Court Grants Ruling for Transparent and Verifiable Alabama Election Vote-Count, Then Over-Turned

Updated on December 12, 2017
Alabama Secretary of State John Merrill
Alabama Secretary of State John Merrill

[UPDATE: RULING OVERTURNED. The following article was written just hours before Republican Secretary of State John Merrill today went through extraordinary lengths to obtain permission to destroy the digital ballot images which are part of the vote-counting machine audit trail in use across Alabama. Merrill asked for, and got, an over-ruling of Montgomery Circuit Court Judge Shaul's order this morning that the digital ballot images be preserved. According to election integrity activist John Brakey, who has been assisting the plaintiffs, the ruling took place behind closed doors.]

Alabama voters consisting of a Republican, a Democrat, an independent, and a minister scored a landmark victory today in a Montgomery court which would make it easy for citizens to verify for themselves the accuracy of the machine-counts of the paper ballots cast in super-charged election Tuesday between Doug Jones and Roy Moore, by preserving the digital images of the ballots which are produced as they are fed into the machines. [Judge's order]

Although the court stated only that the images must be preserved, election integrity activists argue that they can and should be made available to citizens or posted online for inspection. Such machines are in use in 85% of the precincts in Alabama, and widely used across the United States. [See "Voters in Roy Moore - Doug Jones Race Sue to Prevent Election Officials from Destroying Evidence of Hacking"]

On the day before a US Senate race which could determine the fate of a GOP tax bill, the plaintiffs in the case, Tuggey et al vs. Merrill, opened the way for citizens to scrutinize the results of each precinct's reported machine-count of votes for either Roy Moore or Doug Jones.

The Alabama Secretary of State, John Merrill, argued that there was no reason or legal requirement for the digital ballot images be preserved, and that election authorities should be able to delete them, even though such images are described in the marketing literature of vote-counting machine manufacturers as part of the audit trail.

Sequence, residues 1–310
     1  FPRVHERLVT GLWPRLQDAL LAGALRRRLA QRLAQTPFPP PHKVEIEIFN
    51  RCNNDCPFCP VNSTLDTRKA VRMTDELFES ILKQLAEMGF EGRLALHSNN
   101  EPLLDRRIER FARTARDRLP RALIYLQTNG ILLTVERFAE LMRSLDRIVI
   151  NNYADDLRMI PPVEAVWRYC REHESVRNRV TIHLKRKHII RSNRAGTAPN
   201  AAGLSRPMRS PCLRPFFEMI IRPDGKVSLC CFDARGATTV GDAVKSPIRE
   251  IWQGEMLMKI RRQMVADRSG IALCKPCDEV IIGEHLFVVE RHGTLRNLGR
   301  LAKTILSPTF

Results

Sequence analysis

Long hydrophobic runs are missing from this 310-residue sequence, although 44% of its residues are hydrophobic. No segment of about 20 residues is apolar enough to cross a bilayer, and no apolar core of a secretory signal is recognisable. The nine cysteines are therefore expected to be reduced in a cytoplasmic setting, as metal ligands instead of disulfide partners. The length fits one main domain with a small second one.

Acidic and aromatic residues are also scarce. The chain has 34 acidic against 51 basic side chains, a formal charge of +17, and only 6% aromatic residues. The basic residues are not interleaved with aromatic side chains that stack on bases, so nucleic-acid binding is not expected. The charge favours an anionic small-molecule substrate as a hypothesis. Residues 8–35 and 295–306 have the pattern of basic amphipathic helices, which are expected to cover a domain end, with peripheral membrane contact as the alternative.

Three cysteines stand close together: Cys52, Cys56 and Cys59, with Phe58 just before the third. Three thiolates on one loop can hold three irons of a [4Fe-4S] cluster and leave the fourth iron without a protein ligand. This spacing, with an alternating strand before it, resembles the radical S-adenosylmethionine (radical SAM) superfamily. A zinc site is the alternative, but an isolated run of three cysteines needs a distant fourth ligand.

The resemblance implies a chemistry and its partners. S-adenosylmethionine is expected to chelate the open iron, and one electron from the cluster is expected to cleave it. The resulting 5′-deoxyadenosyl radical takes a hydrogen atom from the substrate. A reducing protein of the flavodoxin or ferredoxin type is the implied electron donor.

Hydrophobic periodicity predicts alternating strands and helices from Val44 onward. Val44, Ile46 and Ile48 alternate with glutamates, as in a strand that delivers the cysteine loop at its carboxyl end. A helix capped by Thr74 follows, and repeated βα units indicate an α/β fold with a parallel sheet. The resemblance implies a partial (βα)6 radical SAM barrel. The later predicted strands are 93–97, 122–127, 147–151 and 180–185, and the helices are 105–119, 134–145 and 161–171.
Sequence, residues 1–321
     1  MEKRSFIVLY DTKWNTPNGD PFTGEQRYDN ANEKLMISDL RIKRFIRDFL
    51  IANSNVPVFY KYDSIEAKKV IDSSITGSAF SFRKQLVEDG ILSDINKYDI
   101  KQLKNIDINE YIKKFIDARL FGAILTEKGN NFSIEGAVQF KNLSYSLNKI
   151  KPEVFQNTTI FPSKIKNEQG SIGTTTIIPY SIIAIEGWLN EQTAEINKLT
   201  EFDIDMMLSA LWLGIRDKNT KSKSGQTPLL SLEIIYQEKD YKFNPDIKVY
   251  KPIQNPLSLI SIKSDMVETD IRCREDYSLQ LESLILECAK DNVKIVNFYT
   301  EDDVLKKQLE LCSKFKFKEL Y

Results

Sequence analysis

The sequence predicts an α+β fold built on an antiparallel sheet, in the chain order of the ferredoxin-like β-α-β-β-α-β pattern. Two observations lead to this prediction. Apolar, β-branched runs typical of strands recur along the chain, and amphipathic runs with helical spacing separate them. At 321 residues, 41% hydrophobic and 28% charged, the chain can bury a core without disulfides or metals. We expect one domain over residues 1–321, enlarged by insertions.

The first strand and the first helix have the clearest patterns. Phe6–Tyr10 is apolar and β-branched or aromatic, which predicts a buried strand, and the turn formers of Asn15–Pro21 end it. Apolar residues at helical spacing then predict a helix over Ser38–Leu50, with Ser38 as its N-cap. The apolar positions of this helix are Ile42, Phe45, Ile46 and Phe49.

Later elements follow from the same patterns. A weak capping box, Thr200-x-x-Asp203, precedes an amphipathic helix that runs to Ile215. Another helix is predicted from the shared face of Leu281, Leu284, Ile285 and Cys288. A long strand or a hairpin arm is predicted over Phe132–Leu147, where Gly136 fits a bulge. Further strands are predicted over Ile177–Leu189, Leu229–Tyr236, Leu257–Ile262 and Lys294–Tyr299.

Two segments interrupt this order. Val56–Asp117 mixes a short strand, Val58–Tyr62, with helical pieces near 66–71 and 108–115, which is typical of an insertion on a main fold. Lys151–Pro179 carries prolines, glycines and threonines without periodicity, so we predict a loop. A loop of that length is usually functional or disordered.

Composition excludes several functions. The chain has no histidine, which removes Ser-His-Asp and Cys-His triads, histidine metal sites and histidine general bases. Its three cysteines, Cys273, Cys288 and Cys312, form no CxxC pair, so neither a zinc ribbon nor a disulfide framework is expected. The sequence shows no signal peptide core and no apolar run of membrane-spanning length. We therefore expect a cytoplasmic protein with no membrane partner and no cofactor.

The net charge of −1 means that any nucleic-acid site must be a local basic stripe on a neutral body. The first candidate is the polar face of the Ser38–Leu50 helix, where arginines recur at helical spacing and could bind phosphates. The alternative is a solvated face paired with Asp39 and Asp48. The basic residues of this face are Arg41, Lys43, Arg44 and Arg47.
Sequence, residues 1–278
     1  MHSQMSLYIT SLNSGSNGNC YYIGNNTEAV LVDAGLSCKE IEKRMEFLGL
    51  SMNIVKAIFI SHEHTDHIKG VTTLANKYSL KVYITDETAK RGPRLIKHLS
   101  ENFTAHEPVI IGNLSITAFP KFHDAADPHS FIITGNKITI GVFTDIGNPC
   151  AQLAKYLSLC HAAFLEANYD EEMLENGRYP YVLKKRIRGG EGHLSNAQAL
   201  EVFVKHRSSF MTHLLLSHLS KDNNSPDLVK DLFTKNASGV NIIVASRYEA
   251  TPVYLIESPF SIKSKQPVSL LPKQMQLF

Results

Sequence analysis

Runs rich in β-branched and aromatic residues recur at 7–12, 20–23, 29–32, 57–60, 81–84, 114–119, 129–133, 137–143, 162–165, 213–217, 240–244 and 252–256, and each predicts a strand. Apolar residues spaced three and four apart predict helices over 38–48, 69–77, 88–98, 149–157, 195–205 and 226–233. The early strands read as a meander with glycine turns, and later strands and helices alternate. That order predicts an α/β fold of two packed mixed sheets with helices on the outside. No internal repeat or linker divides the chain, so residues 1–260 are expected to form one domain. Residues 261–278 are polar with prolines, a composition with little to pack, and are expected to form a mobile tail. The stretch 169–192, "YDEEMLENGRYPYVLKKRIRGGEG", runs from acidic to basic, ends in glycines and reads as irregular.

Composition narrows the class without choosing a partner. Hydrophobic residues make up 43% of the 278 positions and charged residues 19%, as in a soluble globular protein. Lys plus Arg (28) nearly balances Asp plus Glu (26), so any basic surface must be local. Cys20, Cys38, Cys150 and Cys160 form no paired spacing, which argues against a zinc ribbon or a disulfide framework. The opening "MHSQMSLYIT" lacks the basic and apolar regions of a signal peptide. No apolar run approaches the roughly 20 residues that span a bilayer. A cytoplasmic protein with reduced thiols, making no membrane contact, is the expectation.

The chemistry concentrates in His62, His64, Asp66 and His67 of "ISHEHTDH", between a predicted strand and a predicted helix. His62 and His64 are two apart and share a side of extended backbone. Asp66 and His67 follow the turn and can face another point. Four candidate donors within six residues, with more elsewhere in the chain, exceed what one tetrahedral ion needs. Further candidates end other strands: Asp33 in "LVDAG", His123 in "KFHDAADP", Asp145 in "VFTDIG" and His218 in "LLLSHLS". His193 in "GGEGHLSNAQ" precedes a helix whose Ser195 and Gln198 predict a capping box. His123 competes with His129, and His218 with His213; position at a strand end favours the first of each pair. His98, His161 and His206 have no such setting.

In a temporary restraining order Judge Roman Ashley Shaul wrote:

"A highly contested election is being held in which there is a reasonable belief that the results may be close...There was little argument, although somewhat contested, that the law at issue requires digital images to be preserved as a matter of Alabama law and Federal law..."

The most widely-used machines which perform this function in the US are the ES&S200, the ES&S850, and the Dominion Systems Imagecast Precinct. The election integrity organization publishes a directory of the kinds of vote-counting machines in use in every state and county.

Election integrity activists following the case concede that the battle for the goal of a fair, transparent, and verifiable election is not over, as pointed out by Ohio democracy activists Bob Firtrakis and Harvey Wasserman, in "Will Jim Crow Strip & Flip the Alabama Senate Race? Or Will Today’s Major Court Victory Stop that From Happening?" Alabama has a voter photo ID law that is considered onerous by some, such as Scott Douglas, executive director of Greater Birmingham Ministries, who wrote today in the New York Times:

"I work with poor, black Alabamians. Many of them don’t have cars or driver’s licenses and make under $10,000 a year. They cannot afford to pay someone to drive them to the motor vehicles or registrar’s office, which is often miles away."

And in a shocking, draconian departure from merely not counting the votes of voters whose registration bears the wrong party affiliation, Secretary of State Merrill, a Republican, has threatened criminal prosecution of voters who incorrectly crossed party lines last September to vote in the Alabama special election Republican primary, between Luther Strange and Roy Moore. Merrill raised the specter of fines up to $15,000 and sentences as much as 10 years in prison. The effect, say critics, is to chill participation in Tuesday's election by less-educated, largely minority voters who may now think they are not eligible to vote in the special general election.

Nevertheless, the victory in court today in Montgomery slowly narrows the window for impunity in which election officials may force the public to accept the results of highly contentious and disputed elections, without meaningful recourse. At in "Voters are Left in Dark by Alabama's Election System" the author notes that awareness of the potential for ballot images to add a layer of transparency to the vote count is spreading, and writes:

"Plenty of other states — including Florida, Michigan, and Wisconsin — already release their ballot images to the public upon request. Some jurisdictions, like Dane County, WI, go even further and post their ballot images online."


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